Photo Credit: Travis Shinn
For more than twenty years Richmond, Virginia heavy metal band Lamb of God have been pleasing the subgenre’s multitude of fans, and now, even after a five-year absence (the longest between studio releases in the band’s history), their new self-titled album should be quite effective in making up for lost time. A comparatively calm musical introduction greets the listener as the record opens on “Memento Mori”, which finds longtime frontman Randy Blyth singing comparatively softly at first. We can probably imagine that we’re being led into a trap of sorts, and that turns out to be exactly the case about a minute-and-two-thirds in when Blyth then screams, “Wake up!” This phrase might be a bit “on the nose,” as they say, but as usual it’s the ears that Lamb of God is looking to conquer.
A “memento mori,” in case anyone was wondering, refers to a religion symbol which illustrates the inevitability of death. These have been around for thousands of years, but on much of the new album Lamb of God focus on ideals that are a bit more recent. “Checkmate” refers to the “American scream,” and includes the lyrics: “Divide and conquer and close them in // And bury secrets deep // Make America hate again // And bleed the sheep to sleep.” One of these lines, of course, paraphrases the campaign slogan of a certain public figure.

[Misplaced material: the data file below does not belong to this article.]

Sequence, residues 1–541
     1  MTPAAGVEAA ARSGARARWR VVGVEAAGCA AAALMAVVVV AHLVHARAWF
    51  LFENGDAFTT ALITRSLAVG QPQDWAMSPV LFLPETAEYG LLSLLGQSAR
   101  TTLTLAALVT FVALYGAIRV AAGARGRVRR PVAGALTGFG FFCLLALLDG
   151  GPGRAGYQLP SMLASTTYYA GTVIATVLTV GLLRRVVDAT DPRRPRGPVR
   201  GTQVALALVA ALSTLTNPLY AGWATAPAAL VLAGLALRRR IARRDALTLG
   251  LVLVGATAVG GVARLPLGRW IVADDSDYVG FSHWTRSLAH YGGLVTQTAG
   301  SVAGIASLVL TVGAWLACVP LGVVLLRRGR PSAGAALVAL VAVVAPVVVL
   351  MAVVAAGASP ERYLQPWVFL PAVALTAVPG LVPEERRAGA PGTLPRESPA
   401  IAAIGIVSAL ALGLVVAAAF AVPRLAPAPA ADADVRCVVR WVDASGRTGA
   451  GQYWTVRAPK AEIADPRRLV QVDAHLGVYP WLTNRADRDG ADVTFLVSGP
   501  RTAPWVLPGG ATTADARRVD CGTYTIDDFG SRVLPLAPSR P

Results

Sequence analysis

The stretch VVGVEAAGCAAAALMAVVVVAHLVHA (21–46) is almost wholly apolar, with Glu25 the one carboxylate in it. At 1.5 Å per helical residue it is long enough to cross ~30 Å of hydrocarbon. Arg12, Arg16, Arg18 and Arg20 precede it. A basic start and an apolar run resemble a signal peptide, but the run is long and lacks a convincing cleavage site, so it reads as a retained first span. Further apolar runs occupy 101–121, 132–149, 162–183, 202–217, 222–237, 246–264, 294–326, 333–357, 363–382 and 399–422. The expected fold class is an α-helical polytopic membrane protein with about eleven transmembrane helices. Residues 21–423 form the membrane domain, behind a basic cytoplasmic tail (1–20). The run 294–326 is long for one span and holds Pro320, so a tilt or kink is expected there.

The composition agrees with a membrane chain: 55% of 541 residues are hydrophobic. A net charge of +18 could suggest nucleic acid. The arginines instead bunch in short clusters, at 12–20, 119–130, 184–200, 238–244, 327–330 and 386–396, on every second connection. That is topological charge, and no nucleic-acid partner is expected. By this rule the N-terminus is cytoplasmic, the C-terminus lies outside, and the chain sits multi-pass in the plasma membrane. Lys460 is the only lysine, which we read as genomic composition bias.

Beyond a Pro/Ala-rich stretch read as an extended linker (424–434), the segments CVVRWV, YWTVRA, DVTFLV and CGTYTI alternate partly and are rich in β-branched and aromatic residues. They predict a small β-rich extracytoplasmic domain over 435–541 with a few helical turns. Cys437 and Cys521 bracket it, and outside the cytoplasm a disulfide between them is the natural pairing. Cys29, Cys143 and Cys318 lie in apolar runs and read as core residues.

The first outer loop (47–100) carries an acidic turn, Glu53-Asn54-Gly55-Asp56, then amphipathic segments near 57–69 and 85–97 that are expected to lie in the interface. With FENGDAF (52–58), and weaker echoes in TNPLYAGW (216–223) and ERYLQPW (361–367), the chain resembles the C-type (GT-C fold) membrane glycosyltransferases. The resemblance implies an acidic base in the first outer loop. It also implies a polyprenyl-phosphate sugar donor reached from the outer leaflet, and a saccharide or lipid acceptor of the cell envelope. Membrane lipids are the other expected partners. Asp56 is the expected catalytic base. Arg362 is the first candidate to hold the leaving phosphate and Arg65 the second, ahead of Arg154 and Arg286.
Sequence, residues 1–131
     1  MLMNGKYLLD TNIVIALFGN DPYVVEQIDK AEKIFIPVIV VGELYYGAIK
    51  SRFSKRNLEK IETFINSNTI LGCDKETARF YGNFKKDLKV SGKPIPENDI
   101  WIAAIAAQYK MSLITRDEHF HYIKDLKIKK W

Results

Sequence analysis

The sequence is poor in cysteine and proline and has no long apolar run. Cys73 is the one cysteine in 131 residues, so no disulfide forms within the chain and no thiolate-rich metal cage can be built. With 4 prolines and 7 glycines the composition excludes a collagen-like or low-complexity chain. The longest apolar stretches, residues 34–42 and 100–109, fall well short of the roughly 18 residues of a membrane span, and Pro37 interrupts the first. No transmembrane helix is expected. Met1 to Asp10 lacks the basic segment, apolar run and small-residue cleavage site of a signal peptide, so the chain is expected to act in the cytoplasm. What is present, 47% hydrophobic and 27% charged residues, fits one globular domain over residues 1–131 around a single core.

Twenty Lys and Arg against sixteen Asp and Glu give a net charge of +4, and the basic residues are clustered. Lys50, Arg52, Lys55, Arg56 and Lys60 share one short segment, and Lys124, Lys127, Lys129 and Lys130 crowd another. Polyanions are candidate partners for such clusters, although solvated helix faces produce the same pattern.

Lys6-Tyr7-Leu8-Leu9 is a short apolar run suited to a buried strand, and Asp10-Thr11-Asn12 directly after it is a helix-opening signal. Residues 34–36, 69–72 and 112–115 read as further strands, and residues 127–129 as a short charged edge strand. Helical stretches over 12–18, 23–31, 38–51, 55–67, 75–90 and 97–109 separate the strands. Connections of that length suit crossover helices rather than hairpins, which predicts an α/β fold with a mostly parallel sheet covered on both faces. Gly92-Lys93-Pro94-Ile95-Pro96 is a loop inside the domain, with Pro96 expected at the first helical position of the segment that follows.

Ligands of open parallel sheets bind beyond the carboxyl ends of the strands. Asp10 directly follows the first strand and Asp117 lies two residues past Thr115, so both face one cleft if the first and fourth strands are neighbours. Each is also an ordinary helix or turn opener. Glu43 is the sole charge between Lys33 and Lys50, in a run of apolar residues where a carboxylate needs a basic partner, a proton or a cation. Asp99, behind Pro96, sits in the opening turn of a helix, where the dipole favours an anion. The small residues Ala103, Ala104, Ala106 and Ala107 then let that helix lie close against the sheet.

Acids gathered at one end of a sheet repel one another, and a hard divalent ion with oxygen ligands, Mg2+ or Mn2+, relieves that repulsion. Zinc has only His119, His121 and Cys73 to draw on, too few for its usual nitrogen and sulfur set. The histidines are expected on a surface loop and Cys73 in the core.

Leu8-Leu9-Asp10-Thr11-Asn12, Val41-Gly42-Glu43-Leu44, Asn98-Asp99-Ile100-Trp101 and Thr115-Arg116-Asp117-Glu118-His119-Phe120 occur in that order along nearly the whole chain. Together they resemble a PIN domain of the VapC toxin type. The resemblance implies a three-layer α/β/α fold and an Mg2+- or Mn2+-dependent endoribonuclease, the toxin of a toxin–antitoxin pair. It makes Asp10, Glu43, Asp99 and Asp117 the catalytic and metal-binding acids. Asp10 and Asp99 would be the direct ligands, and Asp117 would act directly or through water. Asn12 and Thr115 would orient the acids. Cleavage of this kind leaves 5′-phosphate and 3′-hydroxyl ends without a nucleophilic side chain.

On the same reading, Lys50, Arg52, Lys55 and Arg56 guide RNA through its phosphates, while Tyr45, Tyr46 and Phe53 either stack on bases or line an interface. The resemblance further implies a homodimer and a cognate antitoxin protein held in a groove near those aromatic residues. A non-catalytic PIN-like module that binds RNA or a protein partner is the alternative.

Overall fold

In “Reality Bath”, the band uses the phrase “the new abnormal,” also an ironic nod to a current dilemma (that the Strokes already used this as the title of their most recent album, doesn’t make it any less relevant). The cut also includes Blyth altering his vocals closer to a rap, which makes them just a bit easier to understand. This has probably also been pointed out before, but it’s just a bit ironic when bands that are clearly looking to make very profound statements with their lyrics do so with almost completely incomprehensible vocals. Still, when we do figure the lyrics out, there’s no denying the flair that Lamb of God has for combining occult imagery with modern-day culture, as evidenced by the track “Resurrection Man” with Blyth singing: “Horror stories, talking heads // Segregate the living dead… I’m the resurrection man // A jackal in a three-piece suit.”
With Lamb of God, longtime drummer Chris Adler has departed from the band, replaced by Art Cruz, whose impressive resume includes stints in Winds of Plague, Prong and Klogr and the Rasmus. Here in his new outfit Cruz wastes no time in showing off his prowess on the skins, particularly with the machine-gun beat that defines the song “Gears.” Lead guitarist Mark Morton, rhyme guitarist Willie Adler and bassist John Campbell – all founding members – continue to contribute their invaluable musicianship. The aforementioned “Checkmate” opens with a snippet of the band in the studio, which may be Lamb of God’s way of reminding everyone that at the end of the day they’re still human. But one way or another, fans of the band and even this genre in general no doubt will devour this record.